15 minutes. James Mattis, first defense secretary of the government of President Donald Trump, accused the president on Wednesday of “trying to divide” the country and of abusing its authority by “militarizing the response to protests” due to police violence against blacks.

In a statement published in The Atlantic magazine, Mattis harshly criticized Trump, in an extraordinary gesture for someone who until now has been silent about his differences with the US president.

“Donald Trump is the first president I have ever seen who has not tried to unite the American people, and does not even pretend to do so. Instead, he is trying to divide us. We are witnessing the consequences of three years without mature leadership,” wrote Mattis.

The former Pentagon head between January 2017 and December 2018, opined that the United States (USA) “can join” without Trump, although “it will not be easy.”

Does Trump abuse his authority?

“We know that we are better than the abuse of executive authority that we witness in Lafayette Square. We have to reject and hold accountable those who are in power and who want to laugh at our Constitution,” he said.

The retired general was referring to Monday’s episode in Washington, when security forces used tear gas to disperse the peaceful protesters who were in that square next to the White House.

“I never dreamed that the troops who took the same oath as I (to defend the Constitution) would under no circumstances be ordered to violate the constitutional rights of their fellow citizens, let alone to allow a bizarre photo opportunity for the commander-in-chief-elect “Mattis stressed.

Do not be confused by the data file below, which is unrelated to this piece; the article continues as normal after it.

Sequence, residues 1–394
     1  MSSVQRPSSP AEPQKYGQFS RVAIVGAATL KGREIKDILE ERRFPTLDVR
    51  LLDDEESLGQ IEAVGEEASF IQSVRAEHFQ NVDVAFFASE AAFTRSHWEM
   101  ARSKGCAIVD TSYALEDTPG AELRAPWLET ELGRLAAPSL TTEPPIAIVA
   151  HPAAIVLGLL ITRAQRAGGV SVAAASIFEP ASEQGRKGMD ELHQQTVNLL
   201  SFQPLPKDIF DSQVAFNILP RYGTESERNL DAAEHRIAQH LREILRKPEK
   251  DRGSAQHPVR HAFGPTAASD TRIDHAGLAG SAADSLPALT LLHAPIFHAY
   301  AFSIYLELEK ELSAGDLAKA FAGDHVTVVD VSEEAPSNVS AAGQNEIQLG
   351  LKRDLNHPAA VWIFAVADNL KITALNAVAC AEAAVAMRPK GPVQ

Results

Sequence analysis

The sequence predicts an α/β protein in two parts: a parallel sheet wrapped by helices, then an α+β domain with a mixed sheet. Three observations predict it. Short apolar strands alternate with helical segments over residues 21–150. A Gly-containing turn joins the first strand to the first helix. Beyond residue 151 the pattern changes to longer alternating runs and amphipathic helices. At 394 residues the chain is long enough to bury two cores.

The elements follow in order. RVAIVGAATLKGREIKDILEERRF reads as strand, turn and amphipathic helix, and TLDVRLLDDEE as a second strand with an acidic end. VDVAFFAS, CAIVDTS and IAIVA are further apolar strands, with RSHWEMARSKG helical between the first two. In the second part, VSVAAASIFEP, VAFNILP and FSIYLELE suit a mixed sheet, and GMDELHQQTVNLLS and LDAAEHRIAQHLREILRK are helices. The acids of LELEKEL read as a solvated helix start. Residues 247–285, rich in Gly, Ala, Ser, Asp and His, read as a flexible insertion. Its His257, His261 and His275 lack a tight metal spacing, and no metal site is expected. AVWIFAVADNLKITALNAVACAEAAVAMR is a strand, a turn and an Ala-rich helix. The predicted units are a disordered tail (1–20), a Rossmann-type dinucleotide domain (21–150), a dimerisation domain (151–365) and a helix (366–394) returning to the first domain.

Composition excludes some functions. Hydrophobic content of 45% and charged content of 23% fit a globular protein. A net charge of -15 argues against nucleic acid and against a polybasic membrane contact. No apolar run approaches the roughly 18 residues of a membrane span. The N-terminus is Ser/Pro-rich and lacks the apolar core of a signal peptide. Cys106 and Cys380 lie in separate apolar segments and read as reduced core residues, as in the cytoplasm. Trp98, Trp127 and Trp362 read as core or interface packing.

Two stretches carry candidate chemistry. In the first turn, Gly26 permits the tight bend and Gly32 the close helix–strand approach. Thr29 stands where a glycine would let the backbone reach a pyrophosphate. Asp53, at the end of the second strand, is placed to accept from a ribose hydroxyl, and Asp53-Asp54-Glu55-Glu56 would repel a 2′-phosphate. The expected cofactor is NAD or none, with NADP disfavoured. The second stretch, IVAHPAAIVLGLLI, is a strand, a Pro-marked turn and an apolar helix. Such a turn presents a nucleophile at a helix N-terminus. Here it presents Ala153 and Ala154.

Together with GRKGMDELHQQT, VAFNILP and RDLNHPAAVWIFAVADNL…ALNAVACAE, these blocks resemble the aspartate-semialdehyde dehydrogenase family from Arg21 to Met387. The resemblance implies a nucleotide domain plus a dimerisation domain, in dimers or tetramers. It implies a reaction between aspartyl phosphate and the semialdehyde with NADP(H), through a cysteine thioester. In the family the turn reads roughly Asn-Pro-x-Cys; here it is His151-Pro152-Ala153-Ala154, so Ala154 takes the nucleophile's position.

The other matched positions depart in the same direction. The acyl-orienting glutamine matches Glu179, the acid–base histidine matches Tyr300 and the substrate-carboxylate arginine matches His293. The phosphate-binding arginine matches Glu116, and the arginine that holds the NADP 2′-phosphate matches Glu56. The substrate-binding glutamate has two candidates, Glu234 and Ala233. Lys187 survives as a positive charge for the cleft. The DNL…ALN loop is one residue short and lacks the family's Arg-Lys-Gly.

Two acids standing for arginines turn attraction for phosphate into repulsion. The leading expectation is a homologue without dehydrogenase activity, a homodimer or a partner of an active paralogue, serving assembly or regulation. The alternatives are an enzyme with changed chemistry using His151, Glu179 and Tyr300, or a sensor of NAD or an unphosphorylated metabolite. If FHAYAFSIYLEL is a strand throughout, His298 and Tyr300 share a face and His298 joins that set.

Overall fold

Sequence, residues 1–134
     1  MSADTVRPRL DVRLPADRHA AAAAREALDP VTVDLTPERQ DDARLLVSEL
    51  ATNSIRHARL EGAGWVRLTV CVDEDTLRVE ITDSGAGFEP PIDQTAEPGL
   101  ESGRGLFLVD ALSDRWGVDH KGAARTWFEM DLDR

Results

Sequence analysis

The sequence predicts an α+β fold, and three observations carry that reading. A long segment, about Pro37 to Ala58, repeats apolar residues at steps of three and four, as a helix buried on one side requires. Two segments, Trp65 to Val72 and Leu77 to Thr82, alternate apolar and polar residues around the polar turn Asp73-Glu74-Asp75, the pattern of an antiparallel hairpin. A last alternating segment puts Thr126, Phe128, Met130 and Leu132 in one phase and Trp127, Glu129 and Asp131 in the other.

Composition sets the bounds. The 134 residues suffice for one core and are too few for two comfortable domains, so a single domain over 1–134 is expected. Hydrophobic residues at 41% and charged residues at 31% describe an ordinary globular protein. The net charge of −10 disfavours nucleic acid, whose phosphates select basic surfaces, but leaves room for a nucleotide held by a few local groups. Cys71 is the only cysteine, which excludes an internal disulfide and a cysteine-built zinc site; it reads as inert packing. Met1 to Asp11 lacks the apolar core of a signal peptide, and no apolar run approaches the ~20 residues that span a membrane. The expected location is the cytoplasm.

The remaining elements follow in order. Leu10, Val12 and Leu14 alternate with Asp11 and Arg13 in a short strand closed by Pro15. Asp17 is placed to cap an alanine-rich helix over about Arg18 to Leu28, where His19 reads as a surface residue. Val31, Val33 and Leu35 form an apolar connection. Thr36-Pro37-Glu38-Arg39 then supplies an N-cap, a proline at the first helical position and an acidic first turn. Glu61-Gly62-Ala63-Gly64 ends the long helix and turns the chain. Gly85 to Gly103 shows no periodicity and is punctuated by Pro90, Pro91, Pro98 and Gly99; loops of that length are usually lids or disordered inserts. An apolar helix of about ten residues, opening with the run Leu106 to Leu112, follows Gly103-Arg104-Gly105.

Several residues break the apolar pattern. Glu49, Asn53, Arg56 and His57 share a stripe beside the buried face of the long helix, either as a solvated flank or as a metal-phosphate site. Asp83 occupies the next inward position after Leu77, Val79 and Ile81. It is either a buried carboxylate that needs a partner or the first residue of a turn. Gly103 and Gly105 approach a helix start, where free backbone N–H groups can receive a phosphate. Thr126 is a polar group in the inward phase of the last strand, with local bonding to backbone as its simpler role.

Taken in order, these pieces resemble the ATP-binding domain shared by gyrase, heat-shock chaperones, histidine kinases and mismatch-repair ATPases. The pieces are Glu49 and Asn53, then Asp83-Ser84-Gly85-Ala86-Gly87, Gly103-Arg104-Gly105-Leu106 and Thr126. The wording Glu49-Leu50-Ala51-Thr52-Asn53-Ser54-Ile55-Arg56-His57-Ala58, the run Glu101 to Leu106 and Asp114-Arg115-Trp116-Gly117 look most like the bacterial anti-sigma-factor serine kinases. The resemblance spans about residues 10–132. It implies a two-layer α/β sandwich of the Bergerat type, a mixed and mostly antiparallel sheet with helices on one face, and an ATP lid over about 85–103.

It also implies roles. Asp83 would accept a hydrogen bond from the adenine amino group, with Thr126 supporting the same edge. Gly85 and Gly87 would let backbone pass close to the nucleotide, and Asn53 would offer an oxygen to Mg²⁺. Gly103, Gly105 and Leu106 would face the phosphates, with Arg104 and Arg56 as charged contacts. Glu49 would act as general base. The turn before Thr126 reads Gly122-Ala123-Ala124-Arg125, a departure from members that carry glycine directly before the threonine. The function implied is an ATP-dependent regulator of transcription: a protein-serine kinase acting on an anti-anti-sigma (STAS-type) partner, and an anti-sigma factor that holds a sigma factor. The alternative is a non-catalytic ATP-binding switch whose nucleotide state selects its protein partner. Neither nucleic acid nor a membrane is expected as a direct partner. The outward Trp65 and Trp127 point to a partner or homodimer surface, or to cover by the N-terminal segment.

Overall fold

Tensions between the Pentagon and Trump

Mattis’s message came hours after current US Defense Secretary Mark Esper rejected the possibility of employing active troops to stem the wave of protests.

Mattis went further, stating that “there is no need to militarize the response to the protests.”

“Militarizing our response, as we saw in Washington, gives rise to a conflict, a false conflict, between the military and civil society. It erodes the moral basis that ensures trust between men and women in uniform and the society they have sworn to protect. “he said.

Mattis rejected the idea of ​​thinking of American cities as “a space of battle.”

He stressed that all Americans should “be able to support” the protesters’ demands.

The Pentagon maintains 1,600 active-duty soldiers deployed around Washington in case it is necessary to send them to the protest area, after displacing them from North Carolina and New York.